Row over £2
PUBLISHED: 11:54 09 August 2007 | UPDATED: 15:12 12 May 2010
AN eight-year-old girl was left stranded outside Royston Leisure Centre after being refused entry for having a £2 coin that staff did not recognise. Fallon Willis-Wright was upset when staff said she could not use the swimming pool and told she would have
AN eight-year-old girl was left stranded outside Royston Leisure Centre after being refused entry for having a £2 coin that staff did not recognise.
Fallon Willis-Wright was upset when staff said she could not use the swimming pool and told she would have to leave.
Fallon's mum, Sara Willis-Wright, of Coombelands, Royston, said: "No telephone call was made, no question of where she lived was asked and she was left to leave confused, humiliated and upset.
"I attended the leisure centre to complain at its handling of the situation and quite simply left feeling just as upset due to the answers I received."
The coin WAS legal tender issued in 1995 to commemorate the 50th anniversary of the end of the Second World War.
Mrs Willis-Wright e-mailed the general manager, but received a reply which left her confused.
The e-mail stated that once Fallon's coin had been refused she was asked if she would like to call anyone but the offer was refused.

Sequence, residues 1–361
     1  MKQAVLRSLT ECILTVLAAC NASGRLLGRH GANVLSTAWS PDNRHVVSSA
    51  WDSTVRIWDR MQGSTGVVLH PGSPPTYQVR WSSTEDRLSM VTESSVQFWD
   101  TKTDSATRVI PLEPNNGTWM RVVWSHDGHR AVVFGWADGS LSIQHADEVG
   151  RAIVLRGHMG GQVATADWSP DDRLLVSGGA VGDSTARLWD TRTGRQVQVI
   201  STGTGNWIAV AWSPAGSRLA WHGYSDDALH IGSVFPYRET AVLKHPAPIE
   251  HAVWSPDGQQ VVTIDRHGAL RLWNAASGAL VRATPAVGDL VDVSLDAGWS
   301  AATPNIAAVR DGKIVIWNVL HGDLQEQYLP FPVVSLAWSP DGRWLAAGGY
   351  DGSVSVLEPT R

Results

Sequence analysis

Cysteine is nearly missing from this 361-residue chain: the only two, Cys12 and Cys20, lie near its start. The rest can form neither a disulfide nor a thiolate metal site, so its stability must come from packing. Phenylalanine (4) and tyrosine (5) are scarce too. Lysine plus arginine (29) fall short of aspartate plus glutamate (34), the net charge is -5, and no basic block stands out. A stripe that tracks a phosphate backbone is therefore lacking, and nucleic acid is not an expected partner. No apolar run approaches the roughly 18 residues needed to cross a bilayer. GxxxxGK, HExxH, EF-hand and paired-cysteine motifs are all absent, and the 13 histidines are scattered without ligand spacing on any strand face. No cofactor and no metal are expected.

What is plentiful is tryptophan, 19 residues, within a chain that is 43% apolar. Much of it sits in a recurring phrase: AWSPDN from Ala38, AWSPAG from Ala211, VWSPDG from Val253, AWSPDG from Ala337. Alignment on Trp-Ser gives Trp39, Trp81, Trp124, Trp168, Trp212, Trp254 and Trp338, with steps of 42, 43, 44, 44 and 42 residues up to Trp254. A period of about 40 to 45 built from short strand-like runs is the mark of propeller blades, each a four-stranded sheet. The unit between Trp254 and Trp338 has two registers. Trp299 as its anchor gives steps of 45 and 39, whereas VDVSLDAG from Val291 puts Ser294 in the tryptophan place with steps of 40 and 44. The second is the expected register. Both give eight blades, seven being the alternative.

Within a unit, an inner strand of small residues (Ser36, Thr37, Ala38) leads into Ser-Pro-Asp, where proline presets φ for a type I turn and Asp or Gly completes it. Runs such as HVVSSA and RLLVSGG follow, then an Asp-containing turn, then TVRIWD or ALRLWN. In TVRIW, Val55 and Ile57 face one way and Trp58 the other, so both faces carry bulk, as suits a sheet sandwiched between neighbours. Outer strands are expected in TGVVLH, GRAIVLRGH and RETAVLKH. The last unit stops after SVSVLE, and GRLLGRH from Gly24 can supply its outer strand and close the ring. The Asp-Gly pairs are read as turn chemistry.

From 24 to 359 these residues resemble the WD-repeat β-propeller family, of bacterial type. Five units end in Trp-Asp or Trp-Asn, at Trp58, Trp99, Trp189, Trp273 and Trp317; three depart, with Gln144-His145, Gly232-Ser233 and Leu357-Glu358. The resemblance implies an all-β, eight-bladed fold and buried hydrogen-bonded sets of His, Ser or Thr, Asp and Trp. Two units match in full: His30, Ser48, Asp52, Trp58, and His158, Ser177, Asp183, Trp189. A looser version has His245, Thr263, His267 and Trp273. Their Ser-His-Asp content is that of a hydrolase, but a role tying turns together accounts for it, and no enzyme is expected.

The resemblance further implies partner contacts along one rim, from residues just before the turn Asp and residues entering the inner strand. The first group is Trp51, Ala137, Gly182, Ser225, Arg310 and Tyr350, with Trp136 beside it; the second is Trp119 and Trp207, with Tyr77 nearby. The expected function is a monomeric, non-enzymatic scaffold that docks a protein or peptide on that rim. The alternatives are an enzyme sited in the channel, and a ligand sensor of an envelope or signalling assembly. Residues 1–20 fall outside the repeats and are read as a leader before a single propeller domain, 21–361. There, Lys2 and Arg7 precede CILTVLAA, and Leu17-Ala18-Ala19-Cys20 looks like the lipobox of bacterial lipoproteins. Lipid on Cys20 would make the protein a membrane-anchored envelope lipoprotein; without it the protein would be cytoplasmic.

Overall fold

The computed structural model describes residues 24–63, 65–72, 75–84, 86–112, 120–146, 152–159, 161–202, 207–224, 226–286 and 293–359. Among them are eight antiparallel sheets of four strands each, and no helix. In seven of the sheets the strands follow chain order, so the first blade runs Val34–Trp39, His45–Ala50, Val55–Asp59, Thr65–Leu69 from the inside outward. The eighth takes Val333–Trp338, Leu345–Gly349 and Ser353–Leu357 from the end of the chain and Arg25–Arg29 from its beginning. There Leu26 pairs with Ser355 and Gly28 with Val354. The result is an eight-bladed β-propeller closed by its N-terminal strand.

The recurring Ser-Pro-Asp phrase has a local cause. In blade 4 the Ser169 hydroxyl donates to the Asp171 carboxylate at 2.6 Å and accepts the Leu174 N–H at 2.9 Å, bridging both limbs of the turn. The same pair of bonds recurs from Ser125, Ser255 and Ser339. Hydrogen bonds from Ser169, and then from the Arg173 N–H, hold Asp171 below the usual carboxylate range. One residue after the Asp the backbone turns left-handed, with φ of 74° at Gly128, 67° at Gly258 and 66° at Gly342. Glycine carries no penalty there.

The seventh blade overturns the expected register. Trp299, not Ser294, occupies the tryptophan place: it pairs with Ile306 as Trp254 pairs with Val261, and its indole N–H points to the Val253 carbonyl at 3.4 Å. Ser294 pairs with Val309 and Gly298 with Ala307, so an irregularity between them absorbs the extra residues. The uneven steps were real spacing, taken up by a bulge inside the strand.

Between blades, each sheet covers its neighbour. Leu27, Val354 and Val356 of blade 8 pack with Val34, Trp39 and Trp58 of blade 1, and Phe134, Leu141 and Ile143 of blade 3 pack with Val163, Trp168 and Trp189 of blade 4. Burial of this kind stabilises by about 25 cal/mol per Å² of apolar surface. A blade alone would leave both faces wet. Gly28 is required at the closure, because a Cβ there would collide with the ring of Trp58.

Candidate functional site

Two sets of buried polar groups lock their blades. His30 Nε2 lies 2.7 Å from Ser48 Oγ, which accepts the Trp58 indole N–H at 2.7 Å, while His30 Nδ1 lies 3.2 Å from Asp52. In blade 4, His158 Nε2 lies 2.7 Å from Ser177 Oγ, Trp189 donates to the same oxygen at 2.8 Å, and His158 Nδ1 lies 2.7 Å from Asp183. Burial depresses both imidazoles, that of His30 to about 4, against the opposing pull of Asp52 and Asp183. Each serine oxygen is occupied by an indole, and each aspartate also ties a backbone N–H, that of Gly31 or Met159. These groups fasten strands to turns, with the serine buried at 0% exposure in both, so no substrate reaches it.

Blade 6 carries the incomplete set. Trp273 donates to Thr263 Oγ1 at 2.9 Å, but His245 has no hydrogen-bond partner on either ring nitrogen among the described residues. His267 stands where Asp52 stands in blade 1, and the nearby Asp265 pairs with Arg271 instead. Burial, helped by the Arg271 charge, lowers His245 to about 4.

Mrs Willis-Wright replied explaining that this was not true and that her daughter was not offered a phone call.
She added: "The whole situation would have been very different had this been the case.
"I asked the operations manager why they didn't phone me and her response was 'we have 3,000 people a day through the doors, we can't phone everyone'."
A spokesman for North Herts District Council, owners of the leisure centre, said: "The limited edition coin tendered by the child was not recognised by our reception staff and, because of recent incidents of non-legal tender currency being used at the leisure centre, she was refused admission.
"We are sorry for the mistake that clearly occurred in not recognising the coin as legal tender.
"Parents, of course, remain responsible for the supervision of their own children and need to make decisions about how capable they are.
"In this case, we understand the mother allowed her child to walk to the leisure centre and enter by herself.
"The reception staff recognised that the child had been left on her own and offered the opportunity of a telephone call to contact her parents, which we understand was declined.
"As a result, there was no further action we could take."
Mrs Willis-Wright added: "When I got in touch with the leisure centre I wanted reassurance that this wouldn't happen again I didn't get that.
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